JCPS Board

LOUISVILLE, Ky. (WDRB) – The Jefferson County Board of Education unanimously passed a resolution Tuesday asking Education Commissioner Wayne Lewis to withdraw his request for the names of teachers who requested sick leave during six "sick out" days that closed Kentucky's largest school district.

The resolution came a day after Jefferson County Public Schools Superintendent Marty Pollio requested five additional business days to compile and report the data to Lewis.

"The JCBE believes that the educational interests of Jefferson County students are best served by allowing teachers to focus on their profession, including advocacy in their profession’s best interests, without the fear of retribution," the board’s resolution says.

Lewis did not pull back his request for teachers' names, but he promised that no disciplinary action would occur "if there are no further work stoppages."

"We are requesting this information so that we can have assurance that districts have policies in place to protect school days and students instructional time," Lewis said in a statement.

"In the coming days I'll be reviewing the submissions from districts to determine if all have sound policies in place and to determine whether next steps are needed. The bottom line is kids need to be in school."

Below is a copy of the full resolution:

Diane Porter, chairwoman of the school board, said there's "a big concern" about submitting names of teachers who requested sick leave on days when JCPS was closed.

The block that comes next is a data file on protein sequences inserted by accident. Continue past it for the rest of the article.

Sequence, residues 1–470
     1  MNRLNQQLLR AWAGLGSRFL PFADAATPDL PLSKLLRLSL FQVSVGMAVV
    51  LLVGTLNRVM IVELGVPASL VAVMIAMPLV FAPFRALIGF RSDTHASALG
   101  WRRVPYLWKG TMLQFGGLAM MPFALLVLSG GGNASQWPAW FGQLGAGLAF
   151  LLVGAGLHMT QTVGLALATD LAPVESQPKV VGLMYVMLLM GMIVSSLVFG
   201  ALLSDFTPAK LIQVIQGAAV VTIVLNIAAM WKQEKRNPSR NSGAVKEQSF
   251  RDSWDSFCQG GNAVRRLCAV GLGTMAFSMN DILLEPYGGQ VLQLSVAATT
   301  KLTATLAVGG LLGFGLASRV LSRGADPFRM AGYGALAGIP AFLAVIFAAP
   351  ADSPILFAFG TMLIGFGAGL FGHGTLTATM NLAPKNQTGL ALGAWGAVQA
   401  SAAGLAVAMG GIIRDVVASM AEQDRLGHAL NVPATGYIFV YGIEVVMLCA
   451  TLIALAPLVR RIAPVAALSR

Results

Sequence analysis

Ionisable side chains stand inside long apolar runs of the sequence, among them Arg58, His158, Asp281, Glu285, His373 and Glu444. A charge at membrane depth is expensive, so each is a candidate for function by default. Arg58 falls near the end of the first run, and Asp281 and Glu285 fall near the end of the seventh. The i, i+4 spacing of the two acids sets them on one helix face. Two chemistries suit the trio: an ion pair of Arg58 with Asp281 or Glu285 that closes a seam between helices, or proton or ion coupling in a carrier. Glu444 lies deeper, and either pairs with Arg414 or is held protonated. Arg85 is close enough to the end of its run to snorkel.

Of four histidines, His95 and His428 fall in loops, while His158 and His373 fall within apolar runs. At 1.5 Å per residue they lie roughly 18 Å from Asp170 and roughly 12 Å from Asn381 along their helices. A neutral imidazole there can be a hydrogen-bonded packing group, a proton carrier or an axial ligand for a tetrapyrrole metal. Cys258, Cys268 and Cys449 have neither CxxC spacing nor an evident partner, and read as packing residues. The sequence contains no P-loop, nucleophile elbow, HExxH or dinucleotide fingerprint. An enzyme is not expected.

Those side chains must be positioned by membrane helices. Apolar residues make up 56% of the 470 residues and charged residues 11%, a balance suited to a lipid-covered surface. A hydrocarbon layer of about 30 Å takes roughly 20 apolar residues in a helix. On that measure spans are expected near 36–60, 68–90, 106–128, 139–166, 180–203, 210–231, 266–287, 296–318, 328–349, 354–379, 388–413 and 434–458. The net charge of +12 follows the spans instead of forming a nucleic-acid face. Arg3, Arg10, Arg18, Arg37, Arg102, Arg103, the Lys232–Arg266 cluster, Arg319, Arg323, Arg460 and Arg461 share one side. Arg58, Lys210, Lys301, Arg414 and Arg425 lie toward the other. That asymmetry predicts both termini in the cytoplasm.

"We have to support the people that work with our students," she said.

Brent McKim, president of the Jefferson County Teachers Association, said he'd heard from several members concerned that they could be punished, potentially even fired, based on Lewis's inquiry.

"I think teachers are concerned about that," he said.

McKim said JCTA, which urged against the "sick outs" at JCPS, appreciated the board's efforts to protect teachers' rights to protest.

"We really need to lower the anxiety that contributes to the lack of trust, I think, that's causing teachers to feel like they need to be in Frankfort," he told reporters.

McKim said he hoped that JCPS teachers would "consider" utilizing the delegate plan, in which schools would send three teachers each to the Capitol, when lawmakers return for the final day of this year's session March 28.

Lewis asked 10 school districts Thursday to produce names of teachers who requested sick leave during a two-week stretch that closed JCPS six times; any documentation provided by teachers who sought sick leave on those dates; and districts’ sick leave policies.

Pollio, in a letter to Lewis Monday, provided JCPS’s sick leave policy but said the request for documentation is “moot” since the district closed those days.

Teachers and education groups have decried the request for names as a way to intimidate educators who rallied against bills moving through the General Assembly this year, but Lewis rejected such claims.

Lewis has said he hopes to use the data to develop policies that allow teachers to express their opinions without affecting instructional days.

Cindy Cushman, a parent of two children who attend Fairdale and Iroquois high schools, said she appreciated the resolution passed during Tuesday's special school board meeting but had hoped to see a reference to the General Assembly's quick passage of pension reform last year, which prompted districts across the state to close in "sick outs" throughout the state.

The bill, dubbed the "sewer bill" because pension reform language was inserted into legislation on wastewater and passed in a day, was later thrown out by the Kentucky Supreme Court on procedural grounds.

She said she understands why teachers don't trust lawmakers in Frankfort after last year's experience.

"I think the way the legislature acted last year with the 'sewer bill' is one of the biggest reasons that teachers don't trust the process and feel like they have to be in Frankfort," Cushman said.

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